Beijing orders new round of factory closures
The central government has issued a fresh edict to shut down outdated and inefficient plants in a dozen sectors as it seeks to raise industry competitiveness, cut pollution and conserve energy.
It is the third policy statement issued since October by the State Council calling on industries to speed up the elimination of old, energy-hungry and polluting plants to help relieve overcapacity that plagues many sectors.
In yesterday's statement, the government laid out clear plant-closure targets for the electricity, coal, coke, ferro-alloy, calcium carbide, steel, non-ferrous metal, construction materials, paper, ethanol, tannery and textiles sectors.
It has ordered the Ministry of Industry and Information Technology and the Energy Bureau to allocate regional closure targets.
To ensure the upgrading of industrial facilities, new projects will not be approved unless they meet tougher land use and work safety requirements and tighter limits on environmental impact.
Regional governments considering the construction of new plants to replace those being shut down have been told the new plants must be of the same capacity, or smaller than, those they are replacing.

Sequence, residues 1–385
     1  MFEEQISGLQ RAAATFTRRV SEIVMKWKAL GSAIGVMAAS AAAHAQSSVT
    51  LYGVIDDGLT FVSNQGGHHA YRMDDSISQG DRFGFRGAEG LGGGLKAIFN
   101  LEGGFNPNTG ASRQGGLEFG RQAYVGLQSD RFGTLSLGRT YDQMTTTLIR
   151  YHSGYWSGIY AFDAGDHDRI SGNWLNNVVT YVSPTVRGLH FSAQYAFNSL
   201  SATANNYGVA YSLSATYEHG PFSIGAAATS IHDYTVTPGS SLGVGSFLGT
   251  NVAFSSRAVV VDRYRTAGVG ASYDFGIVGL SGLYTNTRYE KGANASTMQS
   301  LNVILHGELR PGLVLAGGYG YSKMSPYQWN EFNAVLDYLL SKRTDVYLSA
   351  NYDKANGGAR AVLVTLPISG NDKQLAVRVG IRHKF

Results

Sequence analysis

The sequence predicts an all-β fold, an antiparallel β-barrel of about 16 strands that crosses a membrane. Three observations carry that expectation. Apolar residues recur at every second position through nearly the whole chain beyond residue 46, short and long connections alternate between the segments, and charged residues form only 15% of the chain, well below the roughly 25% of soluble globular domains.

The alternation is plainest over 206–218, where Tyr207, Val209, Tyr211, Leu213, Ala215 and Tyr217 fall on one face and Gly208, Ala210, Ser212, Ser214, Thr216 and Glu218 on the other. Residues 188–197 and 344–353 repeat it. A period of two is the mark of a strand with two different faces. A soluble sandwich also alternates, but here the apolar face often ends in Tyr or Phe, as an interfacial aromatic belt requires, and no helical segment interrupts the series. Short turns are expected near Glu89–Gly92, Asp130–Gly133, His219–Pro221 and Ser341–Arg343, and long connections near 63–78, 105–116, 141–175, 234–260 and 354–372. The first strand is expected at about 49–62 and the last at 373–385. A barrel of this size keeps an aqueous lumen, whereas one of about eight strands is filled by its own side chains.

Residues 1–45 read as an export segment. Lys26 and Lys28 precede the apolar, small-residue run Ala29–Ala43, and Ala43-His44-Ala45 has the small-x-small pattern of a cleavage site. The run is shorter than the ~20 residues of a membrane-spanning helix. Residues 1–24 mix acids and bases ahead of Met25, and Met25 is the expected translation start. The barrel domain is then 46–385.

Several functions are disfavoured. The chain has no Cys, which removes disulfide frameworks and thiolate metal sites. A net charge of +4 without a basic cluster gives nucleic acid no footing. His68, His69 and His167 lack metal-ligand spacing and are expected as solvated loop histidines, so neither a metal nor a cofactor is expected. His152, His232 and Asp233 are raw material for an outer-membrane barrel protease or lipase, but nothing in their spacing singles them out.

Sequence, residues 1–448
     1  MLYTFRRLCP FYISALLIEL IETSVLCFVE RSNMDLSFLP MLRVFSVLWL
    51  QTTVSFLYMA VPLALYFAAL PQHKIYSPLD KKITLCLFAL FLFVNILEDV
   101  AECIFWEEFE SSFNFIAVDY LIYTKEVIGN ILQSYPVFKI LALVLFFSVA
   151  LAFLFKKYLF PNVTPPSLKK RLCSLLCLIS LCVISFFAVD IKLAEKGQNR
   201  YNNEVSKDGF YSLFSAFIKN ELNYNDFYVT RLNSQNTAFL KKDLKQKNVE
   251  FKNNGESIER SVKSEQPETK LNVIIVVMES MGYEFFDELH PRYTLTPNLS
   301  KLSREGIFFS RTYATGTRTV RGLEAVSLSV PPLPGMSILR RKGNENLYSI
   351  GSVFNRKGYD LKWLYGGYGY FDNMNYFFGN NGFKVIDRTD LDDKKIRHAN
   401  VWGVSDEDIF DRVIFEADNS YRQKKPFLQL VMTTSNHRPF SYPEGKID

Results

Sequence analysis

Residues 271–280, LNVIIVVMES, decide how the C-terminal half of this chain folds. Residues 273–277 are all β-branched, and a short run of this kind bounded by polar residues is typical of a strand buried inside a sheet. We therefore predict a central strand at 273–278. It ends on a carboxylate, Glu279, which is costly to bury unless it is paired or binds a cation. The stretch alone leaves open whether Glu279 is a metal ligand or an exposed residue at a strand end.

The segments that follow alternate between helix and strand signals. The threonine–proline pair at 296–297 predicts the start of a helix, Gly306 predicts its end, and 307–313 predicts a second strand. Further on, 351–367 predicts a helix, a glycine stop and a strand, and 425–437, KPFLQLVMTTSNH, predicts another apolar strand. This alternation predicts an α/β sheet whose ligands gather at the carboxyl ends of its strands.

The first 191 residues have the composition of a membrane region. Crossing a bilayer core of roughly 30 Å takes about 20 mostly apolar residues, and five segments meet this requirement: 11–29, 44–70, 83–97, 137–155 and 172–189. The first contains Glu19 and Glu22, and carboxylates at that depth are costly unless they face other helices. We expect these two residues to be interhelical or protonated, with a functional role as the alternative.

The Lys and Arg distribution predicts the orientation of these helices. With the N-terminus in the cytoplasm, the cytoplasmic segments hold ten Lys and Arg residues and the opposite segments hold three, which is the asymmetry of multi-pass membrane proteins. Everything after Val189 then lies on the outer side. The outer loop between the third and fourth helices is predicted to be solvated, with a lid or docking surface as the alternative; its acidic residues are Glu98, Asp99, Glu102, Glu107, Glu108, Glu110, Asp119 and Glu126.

Ensuring the orders are implemented has not been easy, as some local authorities, faced with unemployment and the desire to meet economic growth targets, have been reluctant to close plants.
However, this issue is partly mitigated by Beijing's move to also appraise local government officials on their environmental achievements.
Plants that are on the list to be shut down will be starved of bank credit and subject to higher energy prices. Those that remain in operation after a deadline for them to shut will see their emissions permits and business licences cancelled and their electricity supply cut off.
Some of the targets are aggressive compared with achievement in recent years. For example, the State Council has set a goal of closing small and inefficient power plants with a capacity to generate 50 gigawatts of electricity this year. This compares with the reduction in capacity of 60GW in the four years up to last year.
In the coal sector, 8,000 small mines that are unsafe, pollution-prone and inefficient are to be closed this year to reduce capacity by 200 million tonnes, about 6.7 per cent of the nation's total output last year.
In the steel sector, blast furnaces of less than 400 cubic metres in capacity and electric furnaces of less than 30 tonnes are to be closed by the end of next year. It did not give an estimate on the amount of capacity this entailed.
Waste not, want not
Beijing wants to see more efficient industries developed
Number of gigawatts of power plants to be closed under the new orders is: 50